and it flashes into my mind even now when I am wrestling with a tough
    problem or having difficulty separating what is important from what is

    Public television viewers were reminded recently by Ric Burns's
    excellent American Experience documentary that Mr. Adams's work, like
    any other art, was as much a creation of a specific time and place as
    of the artist himself. In the early part of the twentieth century,
    when Adams was a boy and the frontier had been declared closed,
    Americans debated vigorously over what its loss implied for their
    future. In the end, they decided that they did not want to be like
    Europe, that part of their identity, and of meaningful life generally,
    was in close proximity to wildness. Thus was born the metaphorical
    frontier-the myth of the cowboy, the vast landscape of the possible,
    the ideal of the rugged individual-that defines American culture to
    this day. Adams's work grew to maturity alongside this metaphor and
    derives its power by eliciting the nostalgia for untamed wilderness at
    its core.

    The idea of the frontier is not just quaint provincialism. It is often
    spoken of as such, especially in Europe, where the mythological nature
    of the American West has always been easier to discern than it is here
    and is often viewed with suspicion. I first saw this idea expressed in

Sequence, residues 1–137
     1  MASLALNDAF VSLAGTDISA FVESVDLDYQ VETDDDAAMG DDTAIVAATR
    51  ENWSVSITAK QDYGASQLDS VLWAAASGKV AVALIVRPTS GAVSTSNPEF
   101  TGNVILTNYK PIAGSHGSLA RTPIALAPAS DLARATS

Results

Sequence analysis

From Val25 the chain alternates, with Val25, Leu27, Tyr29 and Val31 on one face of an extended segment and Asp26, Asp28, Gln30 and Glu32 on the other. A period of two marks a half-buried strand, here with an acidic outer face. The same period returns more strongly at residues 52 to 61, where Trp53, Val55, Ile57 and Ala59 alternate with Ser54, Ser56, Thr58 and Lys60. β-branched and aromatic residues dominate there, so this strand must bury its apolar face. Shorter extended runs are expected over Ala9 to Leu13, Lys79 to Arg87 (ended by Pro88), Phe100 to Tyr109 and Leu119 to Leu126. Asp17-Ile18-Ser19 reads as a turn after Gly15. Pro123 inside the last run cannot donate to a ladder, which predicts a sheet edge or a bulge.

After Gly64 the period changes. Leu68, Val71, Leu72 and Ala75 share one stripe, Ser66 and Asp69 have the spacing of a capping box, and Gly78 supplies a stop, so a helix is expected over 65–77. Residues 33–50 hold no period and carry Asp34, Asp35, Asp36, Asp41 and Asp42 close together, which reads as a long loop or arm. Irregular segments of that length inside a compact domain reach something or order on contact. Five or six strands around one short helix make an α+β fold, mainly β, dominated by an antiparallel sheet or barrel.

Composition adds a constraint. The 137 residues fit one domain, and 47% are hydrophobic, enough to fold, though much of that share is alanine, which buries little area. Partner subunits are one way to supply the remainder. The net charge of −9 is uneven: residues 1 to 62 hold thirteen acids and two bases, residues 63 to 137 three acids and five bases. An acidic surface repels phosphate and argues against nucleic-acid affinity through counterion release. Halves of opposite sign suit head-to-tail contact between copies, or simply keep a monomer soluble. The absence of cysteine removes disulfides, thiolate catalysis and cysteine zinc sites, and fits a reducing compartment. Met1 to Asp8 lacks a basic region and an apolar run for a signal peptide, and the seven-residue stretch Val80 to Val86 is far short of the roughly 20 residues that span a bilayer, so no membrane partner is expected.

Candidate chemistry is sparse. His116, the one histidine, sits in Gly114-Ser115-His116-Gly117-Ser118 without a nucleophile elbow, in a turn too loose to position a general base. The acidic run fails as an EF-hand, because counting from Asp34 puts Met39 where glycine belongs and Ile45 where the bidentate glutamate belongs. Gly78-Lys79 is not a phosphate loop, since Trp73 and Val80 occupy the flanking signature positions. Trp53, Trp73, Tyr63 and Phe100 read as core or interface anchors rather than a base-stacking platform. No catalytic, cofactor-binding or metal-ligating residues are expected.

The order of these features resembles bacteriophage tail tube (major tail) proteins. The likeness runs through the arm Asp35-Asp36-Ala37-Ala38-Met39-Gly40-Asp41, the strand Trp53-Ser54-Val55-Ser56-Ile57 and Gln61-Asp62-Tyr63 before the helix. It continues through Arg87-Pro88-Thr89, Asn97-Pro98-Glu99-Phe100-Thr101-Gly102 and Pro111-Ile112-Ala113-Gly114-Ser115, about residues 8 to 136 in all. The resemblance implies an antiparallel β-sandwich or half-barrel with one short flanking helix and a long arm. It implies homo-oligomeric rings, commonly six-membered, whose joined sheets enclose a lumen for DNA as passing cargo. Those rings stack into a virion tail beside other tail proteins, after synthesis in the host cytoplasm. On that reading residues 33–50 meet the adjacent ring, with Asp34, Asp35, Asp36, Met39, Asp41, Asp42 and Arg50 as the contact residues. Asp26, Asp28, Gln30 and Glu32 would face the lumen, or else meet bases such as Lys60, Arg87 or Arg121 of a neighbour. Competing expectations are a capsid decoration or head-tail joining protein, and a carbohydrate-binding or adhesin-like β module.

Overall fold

a lengthy article on America in the magazine Stern when I was a
    soldier stationed in Germany in the early 1970s. Such articles are
    appearing with increasing frequency nowadays as the cold war recedes
    into history. But the perception is incorrect. While the confluence of
    cultural forces that generated Adams's images is uniquely American,
    the images themselves are not. The longing for a frontier seems to lie
    deep in the human soul, and people from different parts of the world
    and with different cultural backgrounds understand it quickly and
    intuitively. In no country does one have to dig very deep to find an
    appreciation of, and identification with, wildness. Adams's work
    travels well for this reason and has universal appeal.

    The idea of science as a great frontier is similarly timeless. While